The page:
Gender and ethnic diversity within the sciences has been an issue for many years. Unlike our technical counterpart, engineering, many students (counselors and their parents) are not exposed and are unaware of the geosciences and the opportunities within the field. The lack of exposure is particularly a problem for women and ethnic minorities. As a result, students do not choose the geosciences as a major or career choice as they embark upon their collegiate studies. Thus, there is still a need to increase the number of women and people of color enrolled in geoscience programs in the US. Although there has been a significant increase in the female population (approximately half of all BS and MS graduates), ethnic minorities still are under-represented at colleges and universities, and in the geosciences.
There are ways to correct this problem starting with students in primary school on up. One way to combat this problem is to establish programs specifically targeting this issue. An example of a program of this kind is Fort Valley State University (FVSU). This program has the distinction of having the nation's only Cooperative Developmental Energy Program.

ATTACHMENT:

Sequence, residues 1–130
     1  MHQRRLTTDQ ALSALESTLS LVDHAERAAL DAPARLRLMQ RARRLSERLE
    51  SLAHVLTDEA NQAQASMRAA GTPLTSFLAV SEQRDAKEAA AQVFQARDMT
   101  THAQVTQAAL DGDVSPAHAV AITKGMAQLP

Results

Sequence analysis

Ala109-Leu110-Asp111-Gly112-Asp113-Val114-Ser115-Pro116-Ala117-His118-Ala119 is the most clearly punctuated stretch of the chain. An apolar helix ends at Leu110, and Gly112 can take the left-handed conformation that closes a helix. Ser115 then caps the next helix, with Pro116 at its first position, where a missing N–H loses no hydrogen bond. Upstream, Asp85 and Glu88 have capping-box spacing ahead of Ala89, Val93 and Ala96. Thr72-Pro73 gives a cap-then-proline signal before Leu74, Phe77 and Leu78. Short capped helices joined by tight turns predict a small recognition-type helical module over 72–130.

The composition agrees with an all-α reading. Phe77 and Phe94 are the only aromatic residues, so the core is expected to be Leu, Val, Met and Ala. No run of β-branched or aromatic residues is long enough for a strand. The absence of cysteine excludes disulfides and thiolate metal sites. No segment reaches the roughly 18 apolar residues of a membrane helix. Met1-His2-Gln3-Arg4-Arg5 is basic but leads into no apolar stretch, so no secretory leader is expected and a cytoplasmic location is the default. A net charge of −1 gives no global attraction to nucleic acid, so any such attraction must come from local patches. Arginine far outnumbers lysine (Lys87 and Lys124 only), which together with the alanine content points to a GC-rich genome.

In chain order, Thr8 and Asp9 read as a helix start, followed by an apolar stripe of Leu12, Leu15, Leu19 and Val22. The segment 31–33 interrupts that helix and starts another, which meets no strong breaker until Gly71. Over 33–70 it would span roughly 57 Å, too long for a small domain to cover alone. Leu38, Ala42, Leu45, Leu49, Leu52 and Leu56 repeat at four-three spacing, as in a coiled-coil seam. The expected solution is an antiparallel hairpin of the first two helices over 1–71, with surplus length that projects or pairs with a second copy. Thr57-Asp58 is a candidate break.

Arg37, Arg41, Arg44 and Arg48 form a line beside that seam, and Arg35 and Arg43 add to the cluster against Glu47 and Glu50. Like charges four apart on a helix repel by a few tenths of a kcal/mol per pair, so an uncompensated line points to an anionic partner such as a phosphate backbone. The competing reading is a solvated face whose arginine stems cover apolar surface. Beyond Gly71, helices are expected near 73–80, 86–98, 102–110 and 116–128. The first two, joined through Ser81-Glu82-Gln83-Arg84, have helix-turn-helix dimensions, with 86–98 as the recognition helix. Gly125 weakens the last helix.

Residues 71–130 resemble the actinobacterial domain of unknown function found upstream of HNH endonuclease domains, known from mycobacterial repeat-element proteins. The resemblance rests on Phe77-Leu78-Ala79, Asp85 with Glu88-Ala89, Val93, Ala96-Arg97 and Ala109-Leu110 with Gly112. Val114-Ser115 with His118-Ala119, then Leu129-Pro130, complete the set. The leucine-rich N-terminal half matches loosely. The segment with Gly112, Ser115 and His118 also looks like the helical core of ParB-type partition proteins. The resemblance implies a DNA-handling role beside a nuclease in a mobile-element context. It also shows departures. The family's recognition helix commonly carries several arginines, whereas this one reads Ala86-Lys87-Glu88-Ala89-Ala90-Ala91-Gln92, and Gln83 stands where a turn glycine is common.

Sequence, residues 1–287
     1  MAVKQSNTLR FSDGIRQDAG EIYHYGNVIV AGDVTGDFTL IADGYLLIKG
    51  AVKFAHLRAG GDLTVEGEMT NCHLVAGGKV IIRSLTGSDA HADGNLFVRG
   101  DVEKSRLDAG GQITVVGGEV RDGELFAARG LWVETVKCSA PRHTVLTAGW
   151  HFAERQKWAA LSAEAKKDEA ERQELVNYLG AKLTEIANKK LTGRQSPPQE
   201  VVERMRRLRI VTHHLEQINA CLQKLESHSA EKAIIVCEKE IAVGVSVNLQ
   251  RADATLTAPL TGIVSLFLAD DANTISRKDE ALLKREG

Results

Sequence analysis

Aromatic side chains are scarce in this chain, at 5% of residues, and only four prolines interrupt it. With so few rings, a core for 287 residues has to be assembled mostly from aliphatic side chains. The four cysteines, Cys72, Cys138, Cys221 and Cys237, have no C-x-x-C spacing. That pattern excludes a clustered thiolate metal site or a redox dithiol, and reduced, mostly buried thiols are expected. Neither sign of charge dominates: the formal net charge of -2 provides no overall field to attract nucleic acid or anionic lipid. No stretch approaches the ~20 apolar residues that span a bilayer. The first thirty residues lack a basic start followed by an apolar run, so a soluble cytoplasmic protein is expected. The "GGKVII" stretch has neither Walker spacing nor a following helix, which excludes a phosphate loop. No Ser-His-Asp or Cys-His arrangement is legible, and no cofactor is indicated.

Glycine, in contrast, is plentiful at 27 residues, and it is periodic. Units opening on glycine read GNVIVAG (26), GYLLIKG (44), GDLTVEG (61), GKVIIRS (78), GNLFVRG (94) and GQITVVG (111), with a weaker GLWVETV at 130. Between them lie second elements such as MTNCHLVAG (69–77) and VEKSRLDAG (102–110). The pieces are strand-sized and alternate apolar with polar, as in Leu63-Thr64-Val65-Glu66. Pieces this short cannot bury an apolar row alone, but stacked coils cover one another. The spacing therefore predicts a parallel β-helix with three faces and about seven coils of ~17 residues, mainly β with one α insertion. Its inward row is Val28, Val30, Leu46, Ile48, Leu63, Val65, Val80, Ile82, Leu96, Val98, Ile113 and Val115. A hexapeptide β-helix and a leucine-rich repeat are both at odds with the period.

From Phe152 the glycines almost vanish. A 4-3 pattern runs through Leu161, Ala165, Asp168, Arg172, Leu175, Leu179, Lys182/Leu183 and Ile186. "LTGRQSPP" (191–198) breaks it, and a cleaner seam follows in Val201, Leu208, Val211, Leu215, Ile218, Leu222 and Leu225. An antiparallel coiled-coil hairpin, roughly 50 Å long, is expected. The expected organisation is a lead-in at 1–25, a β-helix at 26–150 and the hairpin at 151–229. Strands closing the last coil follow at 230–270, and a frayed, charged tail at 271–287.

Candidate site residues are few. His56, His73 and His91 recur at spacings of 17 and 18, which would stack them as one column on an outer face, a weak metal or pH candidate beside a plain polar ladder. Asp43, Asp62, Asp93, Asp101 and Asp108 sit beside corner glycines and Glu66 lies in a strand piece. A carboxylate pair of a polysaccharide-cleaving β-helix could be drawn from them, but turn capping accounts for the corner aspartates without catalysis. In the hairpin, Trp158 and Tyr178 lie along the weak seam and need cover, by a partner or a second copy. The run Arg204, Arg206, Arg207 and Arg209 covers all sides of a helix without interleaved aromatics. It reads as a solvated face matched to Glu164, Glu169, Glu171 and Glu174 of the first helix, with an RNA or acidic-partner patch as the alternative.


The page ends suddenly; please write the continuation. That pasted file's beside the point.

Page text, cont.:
On July 1, 1983, FVSU received start-up money from the US Department of Energy's Office of Minority Economic Impact to implement an innovative Energy Education Program that would increase the number of minorities and women working in the private and governmental sectors of the energy industry. The program at FVSU is called the Cooperative Developmental Energy Program (CDEP). The objective of the program is to develop a mutually beneficial long-term synergistic relationship between the university and private and governmental sectors of the nation's energy industry in creating a technology-oriented pool of minorities and women. This objective is accomplished by the development of energy-based curricula, student internships/co-op programs, and by forming alliances with energy corporations and governmental agencies. The geology and geophysics-based curricula is carried out in the form of a dual-degree program between FVSU and the University of Oklahoma.
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